Beirut (Reuters) – A Lebanese anti-Syrian alliance promised sweeping change early on Monday after winning a majority in the first parliamentary elections in three decades without Syrian troops in Lebanon.

An unofficial count for north Lebanon on Sunday night showed an alliance led by Saad al-Hariri sweeping all remaining 28 seats, while its rivals conceded they were heading for defeat.

The ballot, staggered by region over four weekends, is the first in three decades with no Syrian military presence after Damascus pulled its troops out in April.

“Final results show that we are ahead and show that the people have voted for change,” said Hariri, the son of slain ex-premier Rafik al-Hariri who is backing the opposition slate.

“It was not possible that after the martyrdom of Rafik al-Hariri, the withdrawal of Syria, that nothing would change.”

The victory means the 128-seat assembly has an anti-Syrian majority for the first time since the 1975-1990 civil war.

Pro-Syrian Christian former minister Suleiman Franjieh conceded he and his candidates headed for defeat in the mainly Sunni Muslim north, though they did well in Christian areas.

“What we feared is happening. I think the north has been divided along sectarian lines,” Franjieh told LBC television station. “We have arrived at what we used to warn against.”

The anti-Syrian list squared off against an unlikely alliance of pro-Syrians and Damascus’ erstwhile foe, former general Michel Aoun, a Maronite Christian.

Aoun’s victory in the Christian heartland of Mount Lebanon in last week’s round stunned the movement whose street protests following Hariri’s assassination on Feb. 14 forced Syria to bow to global pressure and pull out of Lebanon.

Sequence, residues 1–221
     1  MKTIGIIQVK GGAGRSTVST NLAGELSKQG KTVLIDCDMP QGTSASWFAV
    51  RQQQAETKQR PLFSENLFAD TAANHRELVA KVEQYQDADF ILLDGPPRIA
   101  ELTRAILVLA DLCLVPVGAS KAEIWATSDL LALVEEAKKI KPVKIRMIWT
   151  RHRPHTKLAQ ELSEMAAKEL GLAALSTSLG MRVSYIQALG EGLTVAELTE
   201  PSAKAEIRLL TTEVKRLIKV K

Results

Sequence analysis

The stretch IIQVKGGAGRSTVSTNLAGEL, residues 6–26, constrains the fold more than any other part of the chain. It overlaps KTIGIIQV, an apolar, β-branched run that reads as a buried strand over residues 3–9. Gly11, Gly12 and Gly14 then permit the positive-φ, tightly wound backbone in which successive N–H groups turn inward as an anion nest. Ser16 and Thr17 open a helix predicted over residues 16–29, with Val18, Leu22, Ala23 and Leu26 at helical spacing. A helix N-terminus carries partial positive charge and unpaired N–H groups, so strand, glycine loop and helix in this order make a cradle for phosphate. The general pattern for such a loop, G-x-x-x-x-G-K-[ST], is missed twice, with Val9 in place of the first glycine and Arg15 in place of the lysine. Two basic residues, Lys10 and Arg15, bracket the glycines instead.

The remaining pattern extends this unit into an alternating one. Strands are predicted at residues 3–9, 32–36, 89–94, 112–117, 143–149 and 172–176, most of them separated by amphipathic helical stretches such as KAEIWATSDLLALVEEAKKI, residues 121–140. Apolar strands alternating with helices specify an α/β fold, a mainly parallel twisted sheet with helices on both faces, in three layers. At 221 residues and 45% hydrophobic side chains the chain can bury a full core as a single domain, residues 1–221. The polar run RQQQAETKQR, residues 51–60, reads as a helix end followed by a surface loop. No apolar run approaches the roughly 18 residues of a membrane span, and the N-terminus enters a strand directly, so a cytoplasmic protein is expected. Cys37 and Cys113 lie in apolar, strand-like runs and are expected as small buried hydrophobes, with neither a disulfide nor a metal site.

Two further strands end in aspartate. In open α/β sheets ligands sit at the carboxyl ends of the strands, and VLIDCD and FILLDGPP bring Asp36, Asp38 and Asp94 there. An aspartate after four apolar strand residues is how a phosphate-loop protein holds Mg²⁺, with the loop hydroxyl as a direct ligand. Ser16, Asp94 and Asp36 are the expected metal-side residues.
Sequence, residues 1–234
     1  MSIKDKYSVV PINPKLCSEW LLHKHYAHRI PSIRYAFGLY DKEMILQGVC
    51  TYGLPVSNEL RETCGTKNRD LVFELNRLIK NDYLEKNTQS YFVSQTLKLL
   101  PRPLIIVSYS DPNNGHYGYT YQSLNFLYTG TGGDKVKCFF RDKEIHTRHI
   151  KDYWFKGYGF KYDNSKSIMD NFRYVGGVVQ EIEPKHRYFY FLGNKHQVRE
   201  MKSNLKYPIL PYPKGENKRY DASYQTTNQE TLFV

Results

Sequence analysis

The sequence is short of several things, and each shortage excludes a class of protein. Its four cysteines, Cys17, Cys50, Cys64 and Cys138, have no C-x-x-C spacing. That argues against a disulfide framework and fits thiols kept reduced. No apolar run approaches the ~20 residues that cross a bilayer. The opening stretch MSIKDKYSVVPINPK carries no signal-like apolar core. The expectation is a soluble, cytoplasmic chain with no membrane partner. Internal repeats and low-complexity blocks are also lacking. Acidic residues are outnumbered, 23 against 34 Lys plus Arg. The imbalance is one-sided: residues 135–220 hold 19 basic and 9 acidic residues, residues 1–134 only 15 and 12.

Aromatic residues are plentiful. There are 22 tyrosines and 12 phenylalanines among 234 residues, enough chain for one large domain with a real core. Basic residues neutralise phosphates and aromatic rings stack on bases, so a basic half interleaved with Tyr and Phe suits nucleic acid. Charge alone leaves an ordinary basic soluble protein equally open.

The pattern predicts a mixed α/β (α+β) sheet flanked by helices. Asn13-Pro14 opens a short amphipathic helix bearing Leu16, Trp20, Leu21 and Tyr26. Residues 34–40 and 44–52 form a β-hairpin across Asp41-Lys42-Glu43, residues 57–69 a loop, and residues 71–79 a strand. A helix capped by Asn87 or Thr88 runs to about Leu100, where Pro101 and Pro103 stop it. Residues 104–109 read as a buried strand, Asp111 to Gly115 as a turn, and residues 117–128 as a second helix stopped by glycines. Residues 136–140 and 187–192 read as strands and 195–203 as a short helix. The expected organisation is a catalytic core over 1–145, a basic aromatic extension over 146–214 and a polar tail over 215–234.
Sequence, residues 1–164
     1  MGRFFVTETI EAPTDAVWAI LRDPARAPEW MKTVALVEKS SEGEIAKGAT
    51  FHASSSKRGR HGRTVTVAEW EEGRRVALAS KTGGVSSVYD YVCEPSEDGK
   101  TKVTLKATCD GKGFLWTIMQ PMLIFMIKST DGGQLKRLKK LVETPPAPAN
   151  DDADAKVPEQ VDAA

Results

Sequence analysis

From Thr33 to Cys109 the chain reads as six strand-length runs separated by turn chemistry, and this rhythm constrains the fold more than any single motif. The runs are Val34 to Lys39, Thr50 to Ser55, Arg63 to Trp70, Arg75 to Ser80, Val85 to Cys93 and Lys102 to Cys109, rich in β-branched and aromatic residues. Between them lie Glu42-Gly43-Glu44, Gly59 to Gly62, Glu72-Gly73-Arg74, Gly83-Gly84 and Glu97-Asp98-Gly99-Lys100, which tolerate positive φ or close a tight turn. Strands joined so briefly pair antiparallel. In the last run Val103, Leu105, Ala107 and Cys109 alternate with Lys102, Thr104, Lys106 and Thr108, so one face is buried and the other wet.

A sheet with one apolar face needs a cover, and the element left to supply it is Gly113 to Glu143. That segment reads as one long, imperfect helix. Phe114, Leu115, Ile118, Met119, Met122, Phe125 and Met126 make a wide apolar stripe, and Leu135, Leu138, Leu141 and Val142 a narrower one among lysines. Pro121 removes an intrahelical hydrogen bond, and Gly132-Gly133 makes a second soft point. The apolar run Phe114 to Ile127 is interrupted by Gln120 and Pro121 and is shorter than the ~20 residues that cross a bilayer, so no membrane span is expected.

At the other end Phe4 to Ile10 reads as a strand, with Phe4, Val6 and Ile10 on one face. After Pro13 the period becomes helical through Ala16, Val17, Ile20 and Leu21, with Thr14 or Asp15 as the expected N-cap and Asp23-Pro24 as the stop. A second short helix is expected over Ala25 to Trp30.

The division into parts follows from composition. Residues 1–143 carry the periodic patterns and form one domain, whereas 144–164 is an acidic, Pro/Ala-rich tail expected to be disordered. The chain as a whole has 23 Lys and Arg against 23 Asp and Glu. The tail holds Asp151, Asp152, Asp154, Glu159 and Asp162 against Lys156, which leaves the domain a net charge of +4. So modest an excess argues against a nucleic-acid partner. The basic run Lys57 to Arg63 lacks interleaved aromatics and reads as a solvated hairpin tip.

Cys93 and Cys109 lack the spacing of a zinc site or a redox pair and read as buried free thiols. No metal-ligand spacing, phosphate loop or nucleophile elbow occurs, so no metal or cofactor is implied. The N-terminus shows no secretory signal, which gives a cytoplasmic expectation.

Hariri’s bloc has now won 72 seats, an absolute majority, but a far cry from the two-thirds the anti-Syrian front had predicted.

Aoun and allies have 21 seats while a pro-Syrian Shi’ite Muslim alliance between Hizbollah and Amal have 35 seats.


Sunday’s win makes Hariri, 35, a leading candidate to be named prime minister. He refused to speculate whether he would take up the post.

“I voted for Hariri’s list because Saad al-Hariri represents the Sunnis. His list represents moderation in Lebanon,” Abdul Majid Basheer said in mainly Sunni Muslim Tripoli.

Security was tight around polling stations where pictures of the candidates were plastered on walls, billboards and hung on electricity and telephone poles. Rival candidates accused each other of vote-buying and intimidation.

The Interior Ministry said 49 percent of the 690,000 eligible voters cast their ballots.

Official final results were expected on Monday, when
European Union monitors observing the May 29-June 19 election are also expected to issue a verdict. It was the first time international observers monitored Lebanese polls.

Unlikely alliances that characterised the election are expected to crumble and realign into three main blocs — the anti-Syrian faction, the pro-Syrian group dominated by Amal and Hizbollah, and Aoun’s followers.

Lawmakers will jostle for a say on divisive issues such as the fate of Syria’s close ally President Emile Lahoud and international calls for Hizbollah guerrillas to disarm.

The next government must also address demands for political reforms and devise a plan to handle a troubled economy and a debt of $35 billion, or 185 percent of gross domestic product. (Additional reporting by Nadim Ladki and Alaa Shahine)